Discount chain Kmart Corp. Friday was closing in on less than $1.5 billion in much-needed financing from J.P. Morgan Chase & Co. Inc. but was also laying the groundwork for a possible bankruptcy filing, sources said.

Kmart shares were pushed to 30-year lows in the last week after the Troy, Michigan-based company disclosed it was in talks with lenders and reviewing its liquidity position. Wall Street analysts had also raised the prospect of bankruptcy for the nation's second-largest discount chain behind Wal-Mart Stores Inc.

A source close to the lending negotiations said talks are still going on, but nothing has been finalized. The structure and type of financing are still being discussed and the talks are expected to wrap up in the next few business days.

Some had expected Kmart to secure a loan for more than $1.5 billion, but that figure is too high, the source said.

Kmart in the last week also hired Dresdner Kleinwort Wasserstein to help restructure its debt, according to sources.

"We don't comment on rumor and speculation," Jack Ferry, a Kmart spokesman said.

But, according to Loan Pricing Corp., a Reuters subsidiary, there are two options that market players say are left for Kmart -- an asset-backed loan for $2 billion, or bankruptcy.

The retailer is in discussions with lenders for a new asset-backed loan for up $2 billion that would replace its existing credit facility and provide new money. Since existing creditors would not be willing to add new money to the current credit line due to Kmart's debt downgrade, the existing line must be completely refinanced, LPC sources said.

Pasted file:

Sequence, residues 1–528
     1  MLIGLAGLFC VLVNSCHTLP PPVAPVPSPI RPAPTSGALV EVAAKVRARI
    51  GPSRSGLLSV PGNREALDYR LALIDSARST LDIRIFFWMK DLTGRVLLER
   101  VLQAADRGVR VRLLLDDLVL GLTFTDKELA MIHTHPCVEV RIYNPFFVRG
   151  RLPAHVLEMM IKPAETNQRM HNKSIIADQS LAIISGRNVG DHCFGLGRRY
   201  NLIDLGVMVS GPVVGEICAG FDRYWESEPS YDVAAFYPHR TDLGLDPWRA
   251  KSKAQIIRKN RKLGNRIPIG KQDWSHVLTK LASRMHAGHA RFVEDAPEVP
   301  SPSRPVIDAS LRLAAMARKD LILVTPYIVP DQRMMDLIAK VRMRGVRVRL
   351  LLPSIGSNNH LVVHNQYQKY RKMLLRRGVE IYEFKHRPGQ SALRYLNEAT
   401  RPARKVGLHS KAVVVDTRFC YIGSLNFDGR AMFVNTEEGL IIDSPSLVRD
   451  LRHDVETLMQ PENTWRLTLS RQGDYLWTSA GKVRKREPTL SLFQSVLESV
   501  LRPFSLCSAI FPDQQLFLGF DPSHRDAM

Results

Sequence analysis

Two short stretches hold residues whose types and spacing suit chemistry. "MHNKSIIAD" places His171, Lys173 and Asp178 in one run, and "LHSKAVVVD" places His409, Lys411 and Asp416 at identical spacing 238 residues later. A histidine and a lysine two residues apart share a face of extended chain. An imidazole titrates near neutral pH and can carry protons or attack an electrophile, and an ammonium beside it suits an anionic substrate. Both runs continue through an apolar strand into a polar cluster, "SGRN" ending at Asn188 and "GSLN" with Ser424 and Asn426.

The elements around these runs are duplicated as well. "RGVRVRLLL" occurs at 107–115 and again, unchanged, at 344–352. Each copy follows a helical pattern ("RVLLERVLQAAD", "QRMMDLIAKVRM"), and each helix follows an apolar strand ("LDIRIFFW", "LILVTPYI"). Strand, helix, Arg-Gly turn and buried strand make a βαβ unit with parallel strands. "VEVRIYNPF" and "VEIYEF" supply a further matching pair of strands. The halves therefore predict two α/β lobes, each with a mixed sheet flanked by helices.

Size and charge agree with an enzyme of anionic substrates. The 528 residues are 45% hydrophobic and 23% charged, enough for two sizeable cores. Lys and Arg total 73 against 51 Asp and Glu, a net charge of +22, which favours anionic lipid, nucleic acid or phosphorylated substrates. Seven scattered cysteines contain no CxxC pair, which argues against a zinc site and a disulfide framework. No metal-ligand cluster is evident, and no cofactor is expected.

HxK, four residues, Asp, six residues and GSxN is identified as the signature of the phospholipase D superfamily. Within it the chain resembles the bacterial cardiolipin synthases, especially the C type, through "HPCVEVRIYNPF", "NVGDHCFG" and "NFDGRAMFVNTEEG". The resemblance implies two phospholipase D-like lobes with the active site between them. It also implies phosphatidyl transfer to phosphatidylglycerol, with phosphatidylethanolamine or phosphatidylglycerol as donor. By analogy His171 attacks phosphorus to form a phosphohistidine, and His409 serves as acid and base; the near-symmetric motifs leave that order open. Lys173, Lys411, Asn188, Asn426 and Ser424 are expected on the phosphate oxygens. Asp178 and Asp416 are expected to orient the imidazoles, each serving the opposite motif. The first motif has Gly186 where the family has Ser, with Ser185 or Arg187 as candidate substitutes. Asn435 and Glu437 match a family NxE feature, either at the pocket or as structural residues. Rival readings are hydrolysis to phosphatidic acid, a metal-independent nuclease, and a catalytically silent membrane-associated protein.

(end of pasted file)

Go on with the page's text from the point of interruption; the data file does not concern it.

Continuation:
Kmart's other option is to file for bankruptcy reorganization. Already General Electric's financing arm is working on a debtor-in-possession financing facility in case Kmart chooses this route, according to LPC sources.

The stock closed up 18 cents, or 11.54 percent, at $1.74 on the New York Stock Exchange. Turnover was more than 44 million shares, the second highest on the exchange.

Credit rating agencies Moody's Investors Service, Fitch and Standard & Poor's have all cut Kmart's debt to low "junk" status, increasing its borrowing costs.

On Thursday, Kmart named director James Adamson as its chairman, replacing Chief Executive Chuck Conaway. It also said its president, Mark Schwartz, left the company. The changes were viewed as part of the company's efforts to address its financial woes.

The company's silence following a two-day board of directors meeting early this week and a brief statement last week that management was in talks with its lenders and reviewing its liquidity, had spooked the market.

Even if the retailer secures financing, Kmart is expected to have a hard time recovering from recent financial woes.

"What kept us from owning it (Kmart stock), is the simple realization that every morning Kmart had to wake up and face Wal-Mart," Scott Kuensell, managing director at Brandywine Asset Management, said. "That's a daunting challenge. I don't want to own the stock."

Kmart has been dogged by stiff competition from discount rivals Wal-Mart and Target Corp. . Kmart lowered some 38,000 prices on common household products like laundry detergent in a bid to compete with Wal-Mart, but the move failed to generate enough sales and hurt profits.

Problems at Kmart were exacerbated by weak holiday sales.